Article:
This number is expected: a rotation in 3D space can always be represented as the composition of three rotations, and so, characterized by 3 parameters: the rotation angles measured on each of the space planes . Likewise, a rotation in 4D space is characterized by 6 parameters: rotations on each of the three space planes, parameters and , and rotations on the spacetime planes, parameters . Define now using (18) for further computing with it in the next section

(21)

Determination of

From the components of in (18), the components of can be computed directly using the command. Then, following Jackson's book, in what follows we also derive a general formula for in terms of and shown in [1] as equation (11.98), finally showing the form of as a function of the relative velocity of the two inertial systems of references.

An explicit form of in the case of a rotation on the plane can be computed by taking equal to zero all the parameters in (19) but for and substituting in

(22)

(23)

Computing the matrix exponential,

(24)

(25)

This is formula (4.2) in Landau & Lifshitz book [2]. An explicit form of in the case of a rotation on the plane can be computed by taking equal to zero all the parameters in (19) but for

(26)

(27)

(28)

Rewriting

Following Jackson's notation, for readability, redefine the 6 parameters entering as

(29)

(Note in the above the surrounding backquotes '...' to prevent a premature evaluation of the left-hand sides; that is necessary when using the command.) With this redefinition, becomes

(30)

where each parameter is related to a rotation angle on one plane. Any Lorentz transformation (rotation in 4D pseudo-Euclidean space) can be represented as the composition of these six rotations, and to each rotation, corresponds the matrix that results from taking equal to zero all of the six parameters but one.

The set of six parameters can be split into two sets of three parameters each, one representing rotations on the planes, parameters , and the other representing rotations on the planes, parameters . With that, following [1], (30) can be rewritten in terms of four 3D tensors, two of them with the parameters as components, the other two with matrix as components, as follows:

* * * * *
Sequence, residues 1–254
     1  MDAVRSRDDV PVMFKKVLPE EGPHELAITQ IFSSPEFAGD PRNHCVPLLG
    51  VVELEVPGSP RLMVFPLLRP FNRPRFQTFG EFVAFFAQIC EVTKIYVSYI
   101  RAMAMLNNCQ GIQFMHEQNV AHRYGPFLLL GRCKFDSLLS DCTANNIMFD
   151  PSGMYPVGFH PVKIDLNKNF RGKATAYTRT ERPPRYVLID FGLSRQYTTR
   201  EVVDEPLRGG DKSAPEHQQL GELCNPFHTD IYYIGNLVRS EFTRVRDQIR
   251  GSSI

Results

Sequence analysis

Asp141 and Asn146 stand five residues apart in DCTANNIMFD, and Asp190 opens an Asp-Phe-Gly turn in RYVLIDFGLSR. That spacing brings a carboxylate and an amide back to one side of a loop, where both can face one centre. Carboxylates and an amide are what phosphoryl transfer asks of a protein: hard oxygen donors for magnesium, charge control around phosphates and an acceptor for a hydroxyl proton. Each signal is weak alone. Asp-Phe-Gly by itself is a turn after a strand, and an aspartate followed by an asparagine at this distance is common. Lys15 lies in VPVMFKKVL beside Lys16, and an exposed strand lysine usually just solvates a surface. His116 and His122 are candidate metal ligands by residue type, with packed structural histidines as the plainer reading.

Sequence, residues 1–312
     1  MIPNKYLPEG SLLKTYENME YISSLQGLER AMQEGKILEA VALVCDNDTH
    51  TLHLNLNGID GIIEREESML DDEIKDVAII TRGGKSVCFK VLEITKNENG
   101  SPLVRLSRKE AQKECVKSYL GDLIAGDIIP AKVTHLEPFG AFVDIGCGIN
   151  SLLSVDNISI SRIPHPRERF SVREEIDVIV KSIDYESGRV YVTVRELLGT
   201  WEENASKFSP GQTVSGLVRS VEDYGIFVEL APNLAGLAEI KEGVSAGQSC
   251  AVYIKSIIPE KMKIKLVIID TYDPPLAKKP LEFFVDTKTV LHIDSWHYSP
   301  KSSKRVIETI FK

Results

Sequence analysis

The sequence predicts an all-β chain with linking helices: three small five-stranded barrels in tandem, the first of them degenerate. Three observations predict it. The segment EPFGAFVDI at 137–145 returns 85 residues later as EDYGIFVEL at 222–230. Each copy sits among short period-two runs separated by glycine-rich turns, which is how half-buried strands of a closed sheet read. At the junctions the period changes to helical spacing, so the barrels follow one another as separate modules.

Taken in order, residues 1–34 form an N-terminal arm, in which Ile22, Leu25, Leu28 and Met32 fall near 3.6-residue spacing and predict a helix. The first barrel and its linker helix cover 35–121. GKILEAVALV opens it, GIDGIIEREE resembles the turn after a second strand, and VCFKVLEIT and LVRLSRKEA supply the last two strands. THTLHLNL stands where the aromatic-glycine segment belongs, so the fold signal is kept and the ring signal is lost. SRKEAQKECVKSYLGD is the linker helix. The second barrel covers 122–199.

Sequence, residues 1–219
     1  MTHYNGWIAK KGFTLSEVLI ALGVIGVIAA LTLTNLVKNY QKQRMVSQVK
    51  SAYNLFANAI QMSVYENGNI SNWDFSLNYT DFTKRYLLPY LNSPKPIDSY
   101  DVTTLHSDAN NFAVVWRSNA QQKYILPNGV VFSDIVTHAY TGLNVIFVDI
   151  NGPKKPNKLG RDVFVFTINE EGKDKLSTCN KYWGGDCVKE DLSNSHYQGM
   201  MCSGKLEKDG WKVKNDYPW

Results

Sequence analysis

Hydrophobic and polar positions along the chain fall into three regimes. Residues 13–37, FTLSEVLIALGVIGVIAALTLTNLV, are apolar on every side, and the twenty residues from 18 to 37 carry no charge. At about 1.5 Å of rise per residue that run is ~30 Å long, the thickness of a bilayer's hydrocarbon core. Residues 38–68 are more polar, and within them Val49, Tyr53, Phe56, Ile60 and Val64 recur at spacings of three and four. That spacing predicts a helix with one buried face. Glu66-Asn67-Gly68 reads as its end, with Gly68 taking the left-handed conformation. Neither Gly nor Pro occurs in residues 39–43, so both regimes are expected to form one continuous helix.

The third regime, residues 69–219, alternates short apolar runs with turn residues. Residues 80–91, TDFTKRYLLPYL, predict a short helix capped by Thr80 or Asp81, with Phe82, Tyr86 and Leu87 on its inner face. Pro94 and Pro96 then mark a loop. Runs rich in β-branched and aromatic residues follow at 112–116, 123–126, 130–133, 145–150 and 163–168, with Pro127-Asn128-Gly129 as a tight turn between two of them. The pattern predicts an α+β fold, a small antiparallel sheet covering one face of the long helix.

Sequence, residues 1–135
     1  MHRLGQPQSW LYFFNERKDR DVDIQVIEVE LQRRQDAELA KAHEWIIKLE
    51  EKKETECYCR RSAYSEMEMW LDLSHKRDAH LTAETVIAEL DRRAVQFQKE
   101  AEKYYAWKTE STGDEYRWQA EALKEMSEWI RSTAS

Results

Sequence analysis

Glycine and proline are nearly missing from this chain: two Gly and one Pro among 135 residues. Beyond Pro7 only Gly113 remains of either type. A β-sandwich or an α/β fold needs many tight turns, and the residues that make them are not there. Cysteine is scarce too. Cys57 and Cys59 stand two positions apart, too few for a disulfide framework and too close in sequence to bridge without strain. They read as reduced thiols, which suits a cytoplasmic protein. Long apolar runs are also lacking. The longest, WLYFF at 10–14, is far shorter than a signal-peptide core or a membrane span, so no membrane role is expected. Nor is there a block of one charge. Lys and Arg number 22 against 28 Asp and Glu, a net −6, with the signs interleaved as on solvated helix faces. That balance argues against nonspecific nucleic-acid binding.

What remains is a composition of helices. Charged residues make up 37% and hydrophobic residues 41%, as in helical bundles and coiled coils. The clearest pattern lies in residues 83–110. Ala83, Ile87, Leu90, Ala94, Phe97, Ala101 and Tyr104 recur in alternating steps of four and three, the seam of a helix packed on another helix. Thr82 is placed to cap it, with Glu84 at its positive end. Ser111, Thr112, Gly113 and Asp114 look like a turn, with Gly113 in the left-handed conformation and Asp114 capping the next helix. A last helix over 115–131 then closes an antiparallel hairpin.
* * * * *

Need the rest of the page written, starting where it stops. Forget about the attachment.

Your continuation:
(31)

(32)

The 3D tensors and satisfy the commutation relations

(33)

(34)

(35)

(36)

The matrix components of the 3D tensor , related to rotations on the planes, are

(37)

(38)

(39)

The matrix components of the 3D tensor , related to rotations on the 3D space planes, are

(40)

(41)

(42)

Verifying the commutation relations between and

The tensor is now expressed in terms of these objects as

(50)

where the right-hand side, without free indices, represents the matrix form of . This notation makes explicit the fact that any Lorentz transformation can always be written as the composition of six rotations

(51)

(52)

(53)

which is the same as the starting point (30)

The transformation , where , as a function of the relative velocity of two inertial systems

As seen in the previous subsection, in , the second term, , corresponds to 3D rotations embedded in the general form of 4D Lorentz transformations, and is the term that relates the coordinates of two inertial systems of reference that move with respect to each other at constant velocity . In this section, is rewritten in terms of that velocity, arriving at equation (11.98) of Jackson's book [1]. The key observation is that the 3D vector , can be rewritten in terms of , where and c is the velocity of light (for the rationale of that relation, see [2], sec 4, discussion before formula (4.3)).

Use a macro - say ub - to represent the atomic variable (this variable can be entered as `#mover(mi("β"),mo("ˆ")`. In general, to create atomic variables, see the section on Atomic Variables of the page 2DMathDetails).

(54)

(55)

With these two definitions, and excluding the rotation term we have

(56)

(57)

(58)

From this expression, the form of can be obtained as in (24) using and simplifying the result taking into account that is a unit vector

(59)

(60)

It is useful at this point to analyze the dependency on the components of of this matrix

(61)

We see that the diagonal element depends on two instead of only one component of . That is due to the simplification with respect to side relations, performed in (60), that constructs an elimination Groebner Basis that cannot reduce at once, using the single equation (59), the dependency of all of the elements and to a single component of . So, to reduce further the dependency of the element, this component of (60) requires one more simplification step, using a different elimination strategy, explicitly requesting the elimination of

(62)

(63)

This result involves only , and with it the form of becomes

(64)

Replacing now the components of the unit vector by the components of the vector divided by its modulus

(65)

and recalling that

(66)

to get equation (11.98) in Jackson's book it suffices to introduce (the customary notation)

(67)

(68)

This is equation (11.98) in Jackson's book.

Finally, to get the form of this general Lorentz transformation excluding 3D rotations, directly expressed in terms of the relative velocity of the two inertial systems of references, introduce